In part 1 of this series, I wrote how the field of Learning and Development* (L&D) hasn’t really changed much over the last decade, despite substantial changes in the workplace. Part 2 addressed how even more changes are coming to the workplace, with or without L&D as a partner, as organizations move to cloud-based infrastructures. When an organization’s data, information, platforms, and services are housed in the cloud and outside the corporate firewall, employees have more facile access to their information and will be more free to work at times and places of their choosing.
In this final installment of this Learning and the Changing Workplace series, I address what I see as the most compelling reason for L&D needs to change the way we work, augmenting or even replacing traditional methods with more responsive and effective approaches in the evolved work environment.
The nature of how workers interact and network will change with adoption of collaborative cloud-based applications
Organizations aren’t just migrating infrastructures and legacy platforms to the cloud. Many are also abandoning workstation-based software suites in favor of cloud-based collaboration platforms such as Google Docs, Microsoft Office 365, and IBM SmartCloud. With these platforms, documents aren’t only sharable, they’re surrounded by a variety of social tools that enable both real-time and asynchronous collaboration. As was the case with email, workers will increasingly use these social tools because they’re an integral part of work and in the flow of work. It stands to reason that these tools, new to many workplaces, will also be used for the social and cooperative aspects of work, and they will begin to connect workers in ways traditional workplace social tools like email couldn’t.
This can have a profound effect on the nature of the workplace network. I wrote before how the connected worker brings tremendous knowledge into the organization, acting as a gateway between workplace networks and public knowledge networks. Unlike hierarchical relationships at work, public networks don’t preexist. The platform and it’s millions of users exist, but network connections are made by individuals, relationship by relationship. Where the workplace network is based on authority, the public network is characterized by influence. This network is social, cooperative, and increasingly mobile (See Harold Jarche’s “Social, Cooperative, Mobile” here). Where the workplace network is clearly finite (a glance at the workplace network diagram, known as the organization chart, confirms this), the public network “feels” infinite from the perspective of the individual. He or she can reach virtually any other person on the global network through a series of connections with others.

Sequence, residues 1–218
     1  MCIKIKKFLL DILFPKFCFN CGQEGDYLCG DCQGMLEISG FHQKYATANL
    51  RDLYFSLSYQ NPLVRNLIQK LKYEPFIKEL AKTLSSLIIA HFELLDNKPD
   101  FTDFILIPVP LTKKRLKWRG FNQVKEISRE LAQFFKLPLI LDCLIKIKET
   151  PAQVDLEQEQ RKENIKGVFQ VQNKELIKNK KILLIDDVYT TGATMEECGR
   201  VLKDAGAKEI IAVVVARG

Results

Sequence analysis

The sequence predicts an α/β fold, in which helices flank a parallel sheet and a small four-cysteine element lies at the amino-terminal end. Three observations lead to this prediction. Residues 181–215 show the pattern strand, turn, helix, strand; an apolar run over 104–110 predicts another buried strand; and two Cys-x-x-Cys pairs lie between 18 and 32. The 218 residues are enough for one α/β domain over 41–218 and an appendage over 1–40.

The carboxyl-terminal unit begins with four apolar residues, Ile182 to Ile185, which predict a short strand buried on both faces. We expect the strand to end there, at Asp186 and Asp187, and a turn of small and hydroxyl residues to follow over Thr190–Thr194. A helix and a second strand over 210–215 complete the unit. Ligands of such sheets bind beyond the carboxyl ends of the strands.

In stark contrast, traditional workplace networks are hierarchical, shaped by organizational roles and responsibilities, and characterized by authority and delegation (solid lines in the diagram above). Managers set work assignments and establish relationships with subordinates. Those relationships may vary from individual to individual, but the hierarchy preexists the relationship; it’s established a priori to manage the work of the organization. Individuals have roles within their sub-organization, which in turn have roles within the larger organization. Social and cooperative network connections (dotted lines in the diagram above) also exist in the workplace, established by individuals who network with others, both inside and outside of hierarchical boundaries.
With increased use of internal social tools, social connections become stronger and networks grow, simply because the tools make staying connected easier. Wirearchies will result, even if unplanned.
If we look at the workplace network along its social connections, the structure looks very much like the public network. If we then consider how we develop and sustain relationships with social tools, it stands to reason that workplace social connections will grow stronger as they’e supported by social tools in the flow of work. More work will flow along the non-hierarchical lines, and the workplace will begin to mirror the public network, effectively a wirearchy as espoused by Jon Husband. It will become social, cooperative, and–with workplace connections in the cloud–increasingly mobile.
This evolution will also lead to new paths for informal learning, today enjoyed by those who engage in external knowledge networks. The traditional role of learning and development will need to fundamentally change to embrace and support it. Failing to recognize these changes, and doing something about it, will only lead to further marginalization of the traditional learning and development function.
So the question remains, what are we in our industry doing about this? How can we evolve to become more of a business partner, more in the flow of work? Each individual and organization needs to answer these questions themselves, but Jane Hart seems to have a good pulse on guidance and actions to take. I’d recommend these as a starting point:
- Emerging new roles for learning and performance professionals
- Modernising the L&D function: From learning gatekeeper to learning concierge
- The Next Generation of Workplace Learning Practices in the Age of Knowledge Sharing and Collaboration
*Learning and Development, Learning and Performance, Training and Development, etc.
Thanks for reading!
This work by Tom Spiglanin is licensed under a Creative Commons Attribution-NonCommercial-ShareAlike 4.0 International License.
Based on a work at tom.spiglanin.com.